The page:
- In Command Prompt, type “diskpart” and press “enter.” Then, type “List disk” and press “enter” again.
- You’ll see a list of all memory storage disks, named Disk 0, Disk 1, and so on. This scenario is when you’ll need the capacity information to identify your USB device. Compare it to the “Size” column, and you’ll find out the disk number.
- Type “Select disk #”, where “#” is the disk number. For example, if your USB was Disk 1, type “select disk 1” without quotes, then hit “enter.”
- Type “Attributes disk clear readonly” and press “enter.” Yes, that word is spelled as “readonly.”
- Finally, wait for the write protection removal to finish, type “Exit”, then hit “enter” to close the command prompt window.
- Restart your PC and try writing on the USB again after the system has rebooted.
Use the Windows Registry to Disable Write Protect
If you’re not an experienced user, going into the Registry is not recommended. The wrong input here could seriously affect your system performance or even render it unresponsive. Don’t worry, though. Even if you’re not familiar with the under-the-hood features, if you follow our method very carefully, you’ll be able to remove the write protection. Just ensure not to take any action other than the specified steps below.
- Connect the removable storage device to your PC, type “regedit” in the Cortana Search Bar, then select the “Registry Editor” app and click on “Open.”
- Click on the “right-facing chevron” (angle bracket) symbol next to “HKEY_LOCAL_MACHINE” in the left sidebar to expand the directory structure of that folder.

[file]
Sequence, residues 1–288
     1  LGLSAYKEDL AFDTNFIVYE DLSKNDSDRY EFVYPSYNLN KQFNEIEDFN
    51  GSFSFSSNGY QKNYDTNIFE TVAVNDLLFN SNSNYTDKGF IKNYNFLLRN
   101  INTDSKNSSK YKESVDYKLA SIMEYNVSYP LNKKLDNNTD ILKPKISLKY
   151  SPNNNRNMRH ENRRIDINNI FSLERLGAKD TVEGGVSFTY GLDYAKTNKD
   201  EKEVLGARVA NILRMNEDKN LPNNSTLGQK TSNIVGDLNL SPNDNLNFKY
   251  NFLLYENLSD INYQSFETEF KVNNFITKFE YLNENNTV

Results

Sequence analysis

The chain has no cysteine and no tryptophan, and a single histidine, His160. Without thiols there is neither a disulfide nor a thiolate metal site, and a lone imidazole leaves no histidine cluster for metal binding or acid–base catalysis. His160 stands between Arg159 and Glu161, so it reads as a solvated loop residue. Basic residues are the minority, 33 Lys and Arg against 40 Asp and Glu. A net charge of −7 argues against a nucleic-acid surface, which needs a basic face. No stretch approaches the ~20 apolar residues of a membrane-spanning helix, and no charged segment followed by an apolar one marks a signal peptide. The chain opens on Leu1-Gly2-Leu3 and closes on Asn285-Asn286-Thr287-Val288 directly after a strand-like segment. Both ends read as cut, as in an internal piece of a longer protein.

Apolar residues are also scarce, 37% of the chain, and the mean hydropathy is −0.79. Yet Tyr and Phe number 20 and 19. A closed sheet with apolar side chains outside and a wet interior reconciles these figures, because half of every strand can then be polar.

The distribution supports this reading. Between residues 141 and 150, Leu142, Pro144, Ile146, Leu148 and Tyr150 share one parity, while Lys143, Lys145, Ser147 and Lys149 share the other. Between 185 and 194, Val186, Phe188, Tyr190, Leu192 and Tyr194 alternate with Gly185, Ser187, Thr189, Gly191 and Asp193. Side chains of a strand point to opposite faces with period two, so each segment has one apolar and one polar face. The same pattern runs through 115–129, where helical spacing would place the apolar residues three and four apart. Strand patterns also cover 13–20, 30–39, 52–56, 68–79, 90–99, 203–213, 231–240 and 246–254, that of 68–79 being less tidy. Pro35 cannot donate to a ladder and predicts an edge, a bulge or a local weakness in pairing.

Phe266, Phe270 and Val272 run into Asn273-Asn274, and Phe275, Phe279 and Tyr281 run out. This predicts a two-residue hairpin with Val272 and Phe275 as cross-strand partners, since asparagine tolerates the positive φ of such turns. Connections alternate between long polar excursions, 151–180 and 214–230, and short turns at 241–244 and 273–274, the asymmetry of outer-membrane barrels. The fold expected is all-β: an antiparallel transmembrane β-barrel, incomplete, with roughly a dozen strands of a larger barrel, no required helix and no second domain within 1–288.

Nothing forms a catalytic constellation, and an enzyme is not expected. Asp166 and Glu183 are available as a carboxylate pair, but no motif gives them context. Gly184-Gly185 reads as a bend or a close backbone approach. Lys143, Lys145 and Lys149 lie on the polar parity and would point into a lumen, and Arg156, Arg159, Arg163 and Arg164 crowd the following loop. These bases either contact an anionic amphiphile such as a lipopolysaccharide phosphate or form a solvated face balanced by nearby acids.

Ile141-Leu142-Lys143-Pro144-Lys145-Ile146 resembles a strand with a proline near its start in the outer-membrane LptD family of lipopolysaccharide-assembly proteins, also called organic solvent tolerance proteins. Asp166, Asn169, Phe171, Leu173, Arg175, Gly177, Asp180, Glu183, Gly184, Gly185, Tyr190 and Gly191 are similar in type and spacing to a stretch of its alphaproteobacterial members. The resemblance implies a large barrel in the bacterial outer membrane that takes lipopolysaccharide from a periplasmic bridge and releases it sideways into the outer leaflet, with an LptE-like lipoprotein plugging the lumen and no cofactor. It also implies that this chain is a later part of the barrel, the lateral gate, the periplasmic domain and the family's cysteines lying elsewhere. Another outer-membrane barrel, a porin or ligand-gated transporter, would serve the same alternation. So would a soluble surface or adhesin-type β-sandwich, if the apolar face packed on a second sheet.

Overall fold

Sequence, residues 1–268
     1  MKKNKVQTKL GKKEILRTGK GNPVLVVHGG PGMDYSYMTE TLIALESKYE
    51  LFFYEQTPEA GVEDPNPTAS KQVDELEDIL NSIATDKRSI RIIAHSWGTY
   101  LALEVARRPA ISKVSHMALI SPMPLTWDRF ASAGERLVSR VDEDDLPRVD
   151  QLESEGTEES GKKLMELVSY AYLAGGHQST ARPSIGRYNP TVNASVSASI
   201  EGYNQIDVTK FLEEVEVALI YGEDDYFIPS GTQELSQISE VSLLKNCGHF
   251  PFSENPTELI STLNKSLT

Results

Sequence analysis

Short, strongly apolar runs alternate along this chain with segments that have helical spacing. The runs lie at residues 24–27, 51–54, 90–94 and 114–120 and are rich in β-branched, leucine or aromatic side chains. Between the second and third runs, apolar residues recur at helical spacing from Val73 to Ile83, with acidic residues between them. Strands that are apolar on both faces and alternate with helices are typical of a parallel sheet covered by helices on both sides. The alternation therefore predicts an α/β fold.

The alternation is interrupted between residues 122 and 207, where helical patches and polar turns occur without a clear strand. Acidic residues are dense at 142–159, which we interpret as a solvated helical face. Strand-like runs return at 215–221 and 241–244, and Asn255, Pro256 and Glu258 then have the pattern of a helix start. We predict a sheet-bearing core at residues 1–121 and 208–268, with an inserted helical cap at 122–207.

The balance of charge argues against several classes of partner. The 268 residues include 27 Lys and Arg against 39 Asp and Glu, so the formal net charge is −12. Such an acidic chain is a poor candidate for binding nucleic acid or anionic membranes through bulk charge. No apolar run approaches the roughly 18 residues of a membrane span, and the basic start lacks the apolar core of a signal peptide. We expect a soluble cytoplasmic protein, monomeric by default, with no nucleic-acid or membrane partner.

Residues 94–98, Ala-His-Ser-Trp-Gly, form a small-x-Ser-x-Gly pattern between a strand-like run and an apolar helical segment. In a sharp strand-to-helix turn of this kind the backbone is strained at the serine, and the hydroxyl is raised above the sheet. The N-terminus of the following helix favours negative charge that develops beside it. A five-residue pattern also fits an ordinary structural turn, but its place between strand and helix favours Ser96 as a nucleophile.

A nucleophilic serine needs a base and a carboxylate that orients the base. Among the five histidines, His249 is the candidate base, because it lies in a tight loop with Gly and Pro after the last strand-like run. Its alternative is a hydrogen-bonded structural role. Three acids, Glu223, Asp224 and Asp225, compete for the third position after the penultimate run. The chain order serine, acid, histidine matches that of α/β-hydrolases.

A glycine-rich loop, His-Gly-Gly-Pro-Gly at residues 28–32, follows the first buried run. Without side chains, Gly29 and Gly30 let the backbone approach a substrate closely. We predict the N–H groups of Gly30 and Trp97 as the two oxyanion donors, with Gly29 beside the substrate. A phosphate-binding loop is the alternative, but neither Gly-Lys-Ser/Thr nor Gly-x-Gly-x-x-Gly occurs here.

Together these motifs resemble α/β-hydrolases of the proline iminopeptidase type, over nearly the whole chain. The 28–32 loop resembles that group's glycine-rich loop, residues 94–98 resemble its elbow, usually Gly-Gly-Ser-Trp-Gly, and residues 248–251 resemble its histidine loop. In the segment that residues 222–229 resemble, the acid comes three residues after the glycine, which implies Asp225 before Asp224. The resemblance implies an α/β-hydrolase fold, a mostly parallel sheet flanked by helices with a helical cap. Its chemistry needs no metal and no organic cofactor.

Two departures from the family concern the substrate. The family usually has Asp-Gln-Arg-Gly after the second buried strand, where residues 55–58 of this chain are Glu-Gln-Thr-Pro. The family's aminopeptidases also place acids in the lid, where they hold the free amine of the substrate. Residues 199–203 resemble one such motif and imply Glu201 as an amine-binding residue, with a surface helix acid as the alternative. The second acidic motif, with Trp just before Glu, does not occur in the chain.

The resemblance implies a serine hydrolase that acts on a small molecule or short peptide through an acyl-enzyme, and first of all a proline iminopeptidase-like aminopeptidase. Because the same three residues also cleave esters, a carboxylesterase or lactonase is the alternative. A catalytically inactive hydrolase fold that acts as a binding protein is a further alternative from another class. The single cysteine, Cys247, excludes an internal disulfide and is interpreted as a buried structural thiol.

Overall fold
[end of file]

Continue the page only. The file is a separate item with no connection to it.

- Repeat “Step 1” procedures for the “SYSTEM” folder to expand it, then do the same for “CurrentControlSet.” The complete path so far should be “HKEY_LOCAL_MACHINE -> SYSTEM -> CurrentControlSet.”
- Repeat “Step 1” procedures again to expand the “Control” folder, then confirm if “StorageDevicePolicies” is present. If not, continue to “Step 5” to create it yourself. Otherwise, skip to “Step 7.”
- Right-click the “Control” folder. Select “New” and choose “Key.” This step will create a new subfolder under “Control.”
- Rename the newly created folder to “StorageDevicePolicies.”
- Now, right-click on “StorageDevicePolicies,” choose “New,” then select “DWORD (32-bit) Value.” Name the new entry “WriteProtect” without quotes or spaces.
- Double-click on “WriteProtect” and change “Value Data” to “0” and “Base” to “Hexadecimal.”
- Click on “OK,” exit the Registry, and restart your computer.
After the reboot, check if the USB is now operating as it should. This method disables write protection on all your drives, so it should make your USB writable again. Beware that editing the Windows Registry on your own can mess up your computer, so after you’ve followed our instructions, it’s best not to revisit it.
Removing Write Protection on a Mac
There’s much less flexibility when resolving the write protection issue on Mac versus on Windows. You only have two options available—one is for storage units that can’t be written to due to a fault with the device, while the other involves formatting the drive.
Option 1: Repair the Permissions